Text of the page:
Chris Ahalt, a graduate from the Minneapolis College of Art and Design in 2000 with a Bachelor of Fine Arts in Sculpture/ Furniture Design, currently lives in Minneapolis where he is a self-employed flameworker specializing in custom glassware, vases, sculpture, lighting, prototyping, and commissioned work. Ahalt has taught numerous glass-blowing workshops nationally and his work was highlighted in the 2011 March/April issue of American Craft Magazine.
“I was first introduced to the world of flameworking by my good friend, Bob Heise (aka Minnesota Bob) in 1998. There weren’t but a handful of flameworkers in our city at the time, so being given that opportunity at such a burgeoning point will be something that I’ll always be thankful for. Though, with that said, at times I do wish I had chosen a career in something a little less temperamental. You see, glassblowing can be a really frustrating medium. There are countless hours lost to broken glass, and one could say that you have to be a bit of a masochist to be in the profession. However, there’s obviously something addictive about it, because even after years of sweat and exasperation, I still go back for more each day. I love getting lost in the creative process, and striving for that next great piece. The thrill never gets old of thwarting the glass’ desire to fall apart, and it’s always a victory when a piece comes together. There is nothing better than the excitement you feel going to work the next day and opening the kiln to see how yesterday’s creation looks. It’s like christmas everyday…..except when the pieces are broken…then it’s shear heartache.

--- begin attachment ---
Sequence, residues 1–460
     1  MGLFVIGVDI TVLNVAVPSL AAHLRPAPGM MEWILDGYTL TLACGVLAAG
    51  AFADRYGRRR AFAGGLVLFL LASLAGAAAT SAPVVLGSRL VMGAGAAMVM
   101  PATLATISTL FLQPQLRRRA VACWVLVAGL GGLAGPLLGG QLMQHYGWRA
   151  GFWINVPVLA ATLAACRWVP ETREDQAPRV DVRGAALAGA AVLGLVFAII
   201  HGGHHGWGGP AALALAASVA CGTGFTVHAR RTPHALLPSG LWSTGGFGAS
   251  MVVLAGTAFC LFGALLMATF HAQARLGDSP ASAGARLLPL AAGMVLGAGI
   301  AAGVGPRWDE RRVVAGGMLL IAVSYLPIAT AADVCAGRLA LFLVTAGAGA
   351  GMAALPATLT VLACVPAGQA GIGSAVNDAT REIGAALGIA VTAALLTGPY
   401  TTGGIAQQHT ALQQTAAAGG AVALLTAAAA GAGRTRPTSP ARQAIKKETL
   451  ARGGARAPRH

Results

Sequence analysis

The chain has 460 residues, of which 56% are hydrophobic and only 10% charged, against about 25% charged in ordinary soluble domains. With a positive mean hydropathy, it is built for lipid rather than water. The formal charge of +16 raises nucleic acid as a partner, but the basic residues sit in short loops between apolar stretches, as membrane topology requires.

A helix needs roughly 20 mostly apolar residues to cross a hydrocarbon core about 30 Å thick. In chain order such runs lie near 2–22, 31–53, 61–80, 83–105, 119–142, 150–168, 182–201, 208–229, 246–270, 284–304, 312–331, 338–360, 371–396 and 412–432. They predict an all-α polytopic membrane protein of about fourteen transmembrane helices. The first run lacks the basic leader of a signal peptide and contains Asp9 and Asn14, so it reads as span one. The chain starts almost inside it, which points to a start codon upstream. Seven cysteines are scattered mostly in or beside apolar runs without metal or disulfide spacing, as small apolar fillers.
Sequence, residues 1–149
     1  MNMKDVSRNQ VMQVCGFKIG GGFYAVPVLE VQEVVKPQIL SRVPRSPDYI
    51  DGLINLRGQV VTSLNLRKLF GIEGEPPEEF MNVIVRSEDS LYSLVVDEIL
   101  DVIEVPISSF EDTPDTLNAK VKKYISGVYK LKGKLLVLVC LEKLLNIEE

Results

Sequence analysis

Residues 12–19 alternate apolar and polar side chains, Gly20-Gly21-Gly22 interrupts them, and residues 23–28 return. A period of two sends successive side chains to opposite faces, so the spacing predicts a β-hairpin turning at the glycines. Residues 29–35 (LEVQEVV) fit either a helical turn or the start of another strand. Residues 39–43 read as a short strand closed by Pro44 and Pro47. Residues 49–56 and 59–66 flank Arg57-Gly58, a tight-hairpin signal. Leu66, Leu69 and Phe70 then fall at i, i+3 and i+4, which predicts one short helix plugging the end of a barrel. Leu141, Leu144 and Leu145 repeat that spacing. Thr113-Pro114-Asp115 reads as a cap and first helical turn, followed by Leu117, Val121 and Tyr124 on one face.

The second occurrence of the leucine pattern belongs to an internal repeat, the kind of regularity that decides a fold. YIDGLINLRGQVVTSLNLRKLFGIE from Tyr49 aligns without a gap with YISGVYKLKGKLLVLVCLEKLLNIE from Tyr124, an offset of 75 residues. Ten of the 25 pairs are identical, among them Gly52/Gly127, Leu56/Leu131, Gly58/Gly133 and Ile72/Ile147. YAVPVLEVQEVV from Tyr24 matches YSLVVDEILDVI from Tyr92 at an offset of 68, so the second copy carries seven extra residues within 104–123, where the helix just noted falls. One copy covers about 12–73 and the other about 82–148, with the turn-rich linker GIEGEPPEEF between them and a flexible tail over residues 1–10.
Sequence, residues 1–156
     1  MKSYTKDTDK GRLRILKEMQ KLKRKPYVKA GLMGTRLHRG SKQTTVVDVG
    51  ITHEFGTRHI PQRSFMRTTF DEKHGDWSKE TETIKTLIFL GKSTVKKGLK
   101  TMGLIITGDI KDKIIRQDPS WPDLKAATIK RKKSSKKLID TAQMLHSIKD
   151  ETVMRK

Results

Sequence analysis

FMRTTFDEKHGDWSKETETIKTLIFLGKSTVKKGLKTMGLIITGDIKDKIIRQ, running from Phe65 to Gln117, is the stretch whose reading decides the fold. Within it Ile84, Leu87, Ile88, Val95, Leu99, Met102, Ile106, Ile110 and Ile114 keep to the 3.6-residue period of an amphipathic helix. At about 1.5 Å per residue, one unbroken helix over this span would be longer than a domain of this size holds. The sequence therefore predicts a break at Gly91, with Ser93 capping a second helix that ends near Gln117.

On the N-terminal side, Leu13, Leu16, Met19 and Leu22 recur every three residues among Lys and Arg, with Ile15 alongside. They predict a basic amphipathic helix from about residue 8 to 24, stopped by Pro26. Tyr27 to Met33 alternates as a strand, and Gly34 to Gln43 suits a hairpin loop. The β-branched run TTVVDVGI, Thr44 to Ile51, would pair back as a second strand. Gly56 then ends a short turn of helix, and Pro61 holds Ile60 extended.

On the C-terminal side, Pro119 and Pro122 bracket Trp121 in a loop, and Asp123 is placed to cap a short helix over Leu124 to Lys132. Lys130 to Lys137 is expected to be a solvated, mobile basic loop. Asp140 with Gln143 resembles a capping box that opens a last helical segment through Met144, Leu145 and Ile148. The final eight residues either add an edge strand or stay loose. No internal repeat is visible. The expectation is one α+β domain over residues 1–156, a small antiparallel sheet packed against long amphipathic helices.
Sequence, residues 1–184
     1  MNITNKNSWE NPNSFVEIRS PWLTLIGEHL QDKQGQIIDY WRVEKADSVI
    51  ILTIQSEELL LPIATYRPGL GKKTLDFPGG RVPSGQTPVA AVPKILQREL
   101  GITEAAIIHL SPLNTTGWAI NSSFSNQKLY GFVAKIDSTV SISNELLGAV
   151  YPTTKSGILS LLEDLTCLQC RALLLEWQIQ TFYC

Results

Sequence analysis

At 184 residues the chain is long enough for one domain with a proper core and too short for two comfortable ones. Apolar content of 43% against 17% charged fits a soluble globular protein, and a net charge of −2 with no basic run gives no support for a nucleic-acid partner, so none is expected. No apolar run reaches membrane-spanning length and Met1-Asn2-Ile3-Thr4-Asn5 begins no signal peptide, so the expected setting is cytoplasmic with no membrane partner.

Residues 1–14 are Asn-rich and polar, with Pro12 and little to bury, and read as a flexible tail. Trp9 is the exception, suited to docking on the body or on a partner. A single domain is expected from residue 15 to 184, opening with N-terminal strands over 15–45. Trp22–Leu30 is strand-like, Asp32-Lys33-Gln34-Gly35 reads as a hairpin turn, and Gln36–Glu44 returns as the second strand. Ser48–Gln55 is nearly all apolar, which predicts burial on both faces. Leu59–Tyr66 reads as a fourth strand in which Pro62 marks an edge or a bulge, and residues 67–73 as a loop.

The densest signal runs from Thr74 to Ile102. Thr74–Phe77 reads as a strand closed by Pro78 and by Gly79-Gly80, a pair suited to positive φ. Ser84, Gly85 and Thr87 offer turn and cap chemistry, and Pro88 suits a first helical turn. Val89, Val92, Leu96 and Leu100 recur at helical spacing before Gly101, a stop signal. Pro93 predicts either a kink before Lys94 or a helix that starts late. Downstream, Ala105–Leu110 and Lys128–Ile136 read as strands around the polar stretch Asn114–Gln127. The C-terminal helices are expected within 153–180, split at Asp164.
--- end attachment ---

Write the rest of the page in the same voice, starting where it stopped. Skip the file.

In 2005 I was presented with the opportunity to go to Venice, Italy and apprentice under the renowned master flame worker, Cesare Toffolo. I learned to use jacks and diamond shears in the flame. This is something that Toffolo pioneered, the use of tools normally reserved for the hot shop, but in the flame. He helped integrate a bit of the old with the new. I absorbed as much as I could of the centuries-old techniques that make Venetian glass what it is. Working in Italy had a huge impact on me and my work. I’ll always strive to match the perfection of form and thinness of glass that the Venetians achieve with such apparent ease.
Recently, I’ve delved into more sculptural creations in glass. I sculpt hollow animals and figures and string them up as balloons. It’s pushed my understanding of what I can accomplish outside of symmetrical vessels, not to mention a nice reprieve from making functional work.” – Chris Ahalt